So why do companies mistakenly believe the path to success lies in emulating them?
By Michael E. Raynor
When it comes to innovation in established companies, the rage has long been to try to emulate the behaviors of entrepreneurs and the swashbuckling investors who back them. The explicit belief is that what works in Silicon Valley can be replicated inside companies with similarly efflorescent results.
The defining characteristics of this approach is the “variation, selection, retention” model of evolution through natural selection. Life in all its forms has manifested relentless innovation thanks to the nearly endless variety of life on the planet and the merciless selection pressures that weed out those who can’t keep up. This process preserves what works until something that works better comes along.
Similarly with start-ups and venture capitalists. First comes variation: An endless succession of would-be world-beaters pitch their concepts—often accompanied by working prototypes—and investors select from that smörgåsbord what they see to be the most promising opportunities and construct a fairly broad portfolio of investments.
Most venture funds impose selection pressures almost immediately, apportioning their investment dollars based on whether a venture is able to hit defined milestones within specified periods of time. New businesses are almost always kept hungry, spurred on by the promise of riches if they reach commercial success. And woe to any start-up that should miss interim targets by too wide a mark or simply fail to rise to the top of the heap. The funding requirements of the more successful ventures in the brood provide a compelling reason to free up capital and feed the strong by culling the weak without mercy or regret.
Finally, retention takes the form of the “liquidity event”: selling most or all of the equity to the public markets, which releases the cash required to begin the cycle anew.
Surely, such a system has the bona fides required to warrant the starry-eyed envy it so often provokes. After all, it was not Digital Equipment Corp.’s internally developed AltaVista that would eventually dominate the search-engine space but the venture-backed Google.
Hoping to replicate such an outcome, many corporations try to create and commercialize innovative ideas using a similar variation-selection-retention model, but they are perforce compelled to use different mechanisms at each stage. They pursue variation typically via large-scale “innovation tournaments,” usually setting up some form of Web-based infrastructure to solicit ideas as broadly as possible. The explicit belief is that you never know where the next great idea will come from, and so the indispensible first step is (at the risk of mixing metaphors) to turn over every rock in the hope of uncovering a diamond in the rough.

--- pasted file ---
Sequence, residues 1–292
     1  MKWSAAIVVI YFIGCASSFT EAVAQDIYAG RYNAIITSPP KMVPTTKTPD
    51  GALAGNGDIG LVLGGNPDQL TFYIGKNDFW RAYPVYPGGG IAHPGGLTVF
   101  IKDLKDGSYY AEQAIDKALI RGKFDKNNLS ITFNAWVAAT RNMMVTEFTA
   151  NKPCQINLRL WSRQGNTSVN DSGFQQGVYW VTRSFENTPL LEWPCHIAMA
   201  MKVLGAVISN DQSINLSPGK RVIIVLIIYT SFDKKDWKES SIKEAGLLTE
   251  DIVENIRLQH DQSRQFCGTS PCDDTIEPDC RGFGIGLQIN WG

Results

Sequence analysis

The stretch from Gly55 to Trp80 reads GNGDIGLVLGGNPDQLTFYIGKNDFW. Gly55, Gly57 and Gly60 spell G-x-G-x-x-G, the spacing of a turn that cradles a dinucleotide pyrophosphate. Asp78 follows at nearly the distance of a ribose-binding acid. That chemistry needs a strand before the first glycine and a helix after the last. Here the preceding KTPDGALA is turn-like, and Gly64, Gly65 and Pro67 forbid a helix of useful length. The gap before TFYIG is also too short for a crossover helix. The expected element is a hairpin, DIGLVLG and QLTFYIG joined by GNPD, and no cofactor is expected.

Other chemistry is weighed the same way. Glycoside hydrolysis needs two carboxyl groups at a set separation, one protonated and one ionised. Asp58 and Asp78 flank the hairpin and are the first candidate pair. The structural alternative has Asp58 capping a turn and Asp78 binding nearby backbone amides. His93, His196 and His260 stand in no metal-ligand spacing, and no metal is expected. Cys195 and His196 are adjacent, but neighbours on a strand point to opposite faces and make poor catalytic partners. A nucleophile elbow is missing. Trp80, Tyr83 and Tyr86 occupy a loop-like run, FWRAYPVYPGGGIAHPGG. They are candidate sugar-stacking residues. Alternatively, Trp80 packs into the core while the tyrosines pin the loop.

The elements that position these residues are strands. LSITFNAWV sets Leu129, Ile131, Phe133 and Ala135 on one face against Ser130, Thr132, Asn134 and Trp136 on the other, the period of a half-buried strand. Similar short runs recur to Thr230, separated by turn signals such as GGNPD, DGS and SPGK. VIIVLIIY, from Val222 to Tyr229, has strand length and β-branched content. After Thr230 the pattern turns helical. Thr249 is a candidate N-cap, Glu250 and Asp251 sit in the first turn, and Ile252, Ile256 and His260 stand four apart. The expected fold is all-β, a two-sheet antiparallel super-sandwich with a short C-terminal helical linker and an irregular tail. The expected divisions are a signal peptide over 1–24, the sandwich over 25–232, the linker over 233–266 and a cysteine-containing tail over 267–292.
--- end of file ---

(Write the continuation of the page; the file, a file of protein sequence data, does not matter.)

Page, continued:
This approach suffers from a critical and often-overlooked difference from the VC approach. Venture-capital investment boards get to see reasonably well-developed concepts, typically without having to spend a dime on them. Entrepreneurs develop ideas, fund prototypes, and even secure customers at the cost of nights and weekends sacrificed, vacations forgone, and second mortgages assumed. This serves to keep the investors’ expenses down, but it is also a material early-stage selection pressure, ensuring that only those ideas that have fired the imaginations and earned the full-blooded support of their creators ever come up for consideration.
In contrast, when an established company seeks to liberate the nascent blockbuster ideas that allegedly lay fallow in their fields of cubicles, it must pay for all that sweat equity in either official on-the-clock time or diverted discretionary effort.
Realizing this, even if only implicitly, many corporate innovation tournaments solicit only the most bare-boned expressions of ideas. This keeps costs down, but with crippling consequences. First, there is no mechanism to test the passion and commitment of those advocating a concept in any meaningful way. As a result, it is not uncommon for the ideas that show up to be of questionable merit, and those submitting them have little skin in the game. Instead, ideas can often take the form of “wouldn’t it be neat if . . .” conjectures that are seen by those who propose them as low-cost lottery tickets providing a quick ascent up the corporate ladder if successful, with no career downside if they are overlooked.